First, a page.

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Italian pianist Roberto Magris has been engaging in projects that cover a wide variety of styles for over twenty years. But his best qualities as a pianist and composer have always been in the straight-ahead jazz idiom. Magris clearly has a strong command of his instrument, displaying an innate romanticism that recalls pianists of a bygone era and a penchant for well-written, if fairly conventional, compositions that are balanced out by a unique grouping of off-kilter standards.
With West Coast veteran alto saxophonist Herb Geller on the front line, the proceedings are decidedly cool on Il Bello Del Jazz, but not chilly. His sound is smooth and facile, with a few occasional surprises up his sleeve. "Some Other Spring" opens with an intimate sax/piano duet that illustrates the rationale for Magris' choice of sidemen; the two have an undeniable rapport that can be heard throughout the album. Geller delivers a truly fine solo on Stephen Sondheim's "Pretty Women," and his smooth tone fits in perfectly with bossa nova-inflected tunes like "No Sadness" and "Key Largo."
Magris himself is an appealing pianist with a very luxuriant approach to phrasing and chord voicings. "Stray Form" and "A New Town is a Blue Town" are fine illustrations of both his sensitivity and his ability to swing with a particularly loose and graceful sense of time. Throughout the disc, his comping is unobtrusive and sympathetic, with an uncanny sense of when not to play and a sometimes inspired sense of when to interjectan underrated quality when considering the merits of pianists.
But what makes this release surprising is Darko Jurkovic's playing on four of the tracks. The Croatian guitarist has an irrepressible, easily identifiable voice and his fluid soloing transcends the predictable bop-inspired framework of Magris' composition "Parker's Pen." His presence also livens up Geller's excellent "Deception." But the group really runs on all cylinders on the title track, as the order of soloistsJurkovic, Geller, Magris and bassist Rudi Engelraises the ante with each successive turn, ending the song at a very high, infectious energy level.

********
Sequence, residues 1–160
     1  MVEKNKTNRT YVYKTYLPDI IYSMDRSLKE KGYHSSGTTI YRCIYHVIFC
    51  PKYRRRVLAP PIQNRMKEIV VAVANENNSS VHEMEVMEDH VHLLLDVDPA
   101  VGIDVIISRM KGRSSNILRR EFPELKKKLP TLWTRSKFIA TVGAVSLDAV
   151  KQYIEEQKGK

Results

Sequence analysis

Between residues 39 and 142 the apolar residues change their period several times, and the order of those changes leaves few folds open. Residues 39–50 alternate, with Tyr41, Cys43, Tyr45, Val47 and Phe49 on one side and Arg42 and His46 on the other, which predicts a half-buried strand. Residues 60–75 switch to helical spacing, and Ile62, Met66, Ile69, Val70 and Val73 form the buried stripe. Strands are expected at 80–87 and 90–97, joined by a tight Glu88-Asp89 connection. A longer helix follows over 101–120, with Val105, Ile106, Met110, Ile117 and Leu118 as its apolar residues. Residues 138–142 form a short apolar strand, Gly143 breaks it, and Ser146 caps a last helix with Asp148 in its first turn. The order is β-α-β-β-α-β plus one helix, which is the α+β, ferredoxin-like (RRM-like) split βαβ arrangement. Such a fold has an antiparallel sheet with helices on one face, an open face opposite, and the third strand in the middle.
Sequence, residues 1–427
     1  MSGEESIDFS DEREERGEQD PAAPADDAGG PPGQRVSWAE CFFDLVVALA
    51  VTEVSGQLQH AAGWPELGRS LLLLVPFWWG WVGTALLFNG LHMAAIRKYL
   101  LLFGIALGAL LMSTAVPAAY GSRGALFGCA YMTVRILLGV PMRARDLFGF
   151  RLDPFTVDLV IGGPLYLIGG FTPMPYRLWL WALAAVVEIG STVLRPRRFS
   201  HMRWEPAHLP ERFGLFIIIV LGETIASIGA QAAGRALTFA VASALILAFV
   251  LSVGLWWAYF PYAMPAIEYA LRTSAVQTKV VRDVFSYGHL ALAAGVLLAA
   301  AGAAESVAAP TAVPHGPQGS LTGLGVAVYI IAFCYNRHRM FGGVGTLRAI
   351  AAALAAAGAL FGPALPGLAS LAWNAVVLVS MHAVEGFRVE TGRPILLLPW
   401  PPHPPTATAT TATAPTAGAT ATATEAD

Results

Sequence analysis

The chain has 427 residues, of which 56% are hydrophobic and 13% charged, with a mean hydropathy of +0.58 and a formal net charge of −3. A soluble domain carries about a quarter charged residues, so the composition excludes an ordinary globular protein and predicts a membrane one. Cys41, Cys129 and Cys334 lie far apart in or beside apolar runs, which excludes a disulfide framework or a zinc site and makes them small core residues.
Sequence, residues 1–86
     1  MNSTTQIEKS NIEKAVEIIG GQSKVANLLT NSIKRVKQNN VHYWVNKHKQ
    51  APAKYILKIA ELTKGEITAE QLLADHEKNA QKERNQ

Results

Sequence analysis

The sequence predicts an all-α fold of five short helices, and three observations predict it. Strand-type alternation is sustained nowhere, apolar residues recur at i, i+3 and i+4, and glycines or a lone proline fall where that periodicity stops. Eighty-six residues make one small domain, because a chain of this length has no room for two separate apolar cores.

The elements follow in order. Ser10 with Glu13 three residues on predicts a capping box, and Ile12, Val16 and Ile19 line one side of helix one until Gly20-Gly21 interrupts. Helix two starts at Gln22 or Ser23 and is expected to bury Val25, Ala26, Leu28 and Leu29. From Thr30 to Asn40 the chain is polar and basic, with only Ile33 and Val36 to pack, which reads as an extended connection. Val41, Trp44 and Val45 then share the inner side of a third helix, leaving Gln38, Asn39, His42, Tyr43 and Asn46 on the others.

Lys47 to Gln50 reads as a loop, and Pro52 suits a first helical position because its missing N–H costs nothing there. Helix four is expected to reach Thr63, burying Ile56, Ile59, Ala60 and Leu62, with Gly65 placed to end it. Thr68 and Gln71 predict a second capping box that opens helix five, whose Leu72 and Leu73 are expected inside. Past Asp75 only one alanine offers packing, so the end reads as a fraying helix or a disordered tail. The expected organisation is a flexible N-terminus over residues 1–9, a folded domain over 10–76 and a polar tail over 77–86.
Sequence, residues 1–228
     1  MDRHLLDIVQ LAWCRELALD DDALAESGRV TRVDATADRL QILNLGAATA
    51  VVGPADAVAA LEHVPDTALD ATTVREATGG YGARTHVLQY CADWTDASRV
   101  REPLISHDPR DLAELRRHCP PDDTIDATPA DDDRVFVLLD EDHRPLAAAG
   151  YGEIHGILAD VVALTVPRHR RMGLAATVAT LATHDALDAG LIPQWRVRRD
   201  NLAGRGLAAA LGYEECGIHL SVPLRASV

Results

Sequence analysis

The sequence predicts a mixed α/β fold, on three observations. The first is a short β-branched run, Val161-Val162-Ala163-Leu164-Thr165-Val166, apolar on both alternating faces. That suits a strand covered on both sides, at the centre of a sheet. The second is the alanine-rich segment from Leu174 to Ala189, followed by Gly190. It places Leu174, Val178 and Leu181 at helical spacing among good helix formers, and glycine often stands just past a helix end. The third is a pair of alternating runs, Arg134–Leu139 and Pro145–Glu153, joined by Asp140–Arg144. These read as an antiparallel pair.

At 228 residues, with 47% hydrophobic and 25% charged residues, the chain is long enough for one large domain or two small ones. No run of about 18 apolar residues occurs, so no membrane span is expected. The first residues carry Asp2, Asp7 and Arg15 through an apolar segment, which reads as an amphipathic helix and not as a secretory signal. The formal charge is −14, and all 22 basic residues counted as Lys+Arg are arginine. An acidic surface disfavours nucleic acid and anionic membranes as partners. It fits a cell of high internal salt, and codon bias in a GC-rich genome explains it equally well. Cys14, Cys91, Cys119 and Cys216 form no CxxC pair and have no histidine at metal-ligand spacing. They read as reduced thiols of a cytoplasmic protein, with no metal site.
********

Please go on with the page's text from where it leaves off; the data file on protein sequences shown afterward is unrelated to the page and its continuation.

Despite the talent and apparent care that went into this release, the problem lies in that the group rarely strays from a format and approach that is somewhat staid. The result is that the collection as a whole takes on a bland, uniform character and that feeling of sameness is difficult to ignore. But it is certainly pleasant musicdreamy, lush and sometimes seductiveperformed by musicians of very high caliber. And while it poses no challenges and doesn't dazzle through innovation or provocation, perhaps it wasn't really meant to. Taken at face value, Il Bello Del Jazz is a worthy effort.
Track Listing: No Sadness; Stray Form; Some Other Spring; Key Largo; A New Town is a Blue Town; Here I'll
Stay; Ah Moore; Il Bello Del Jazz; Pretty Women; Parker's Pen; Deception.
I love jazz because anything is possible; it has few rules and the best jazz breaks those ones. I prefer free improv because it doesn't really have any rules at all.
I was first exposed to jazz in my teens (in the late sixties).
The first jazz record I bought was Filles de Kilimanjaro by Miles Davis, shortly followed by Extrapolation by John McLaughlin.
My advice to new listeners is to listen as widely as possible and not to make snap judgments--stick with it.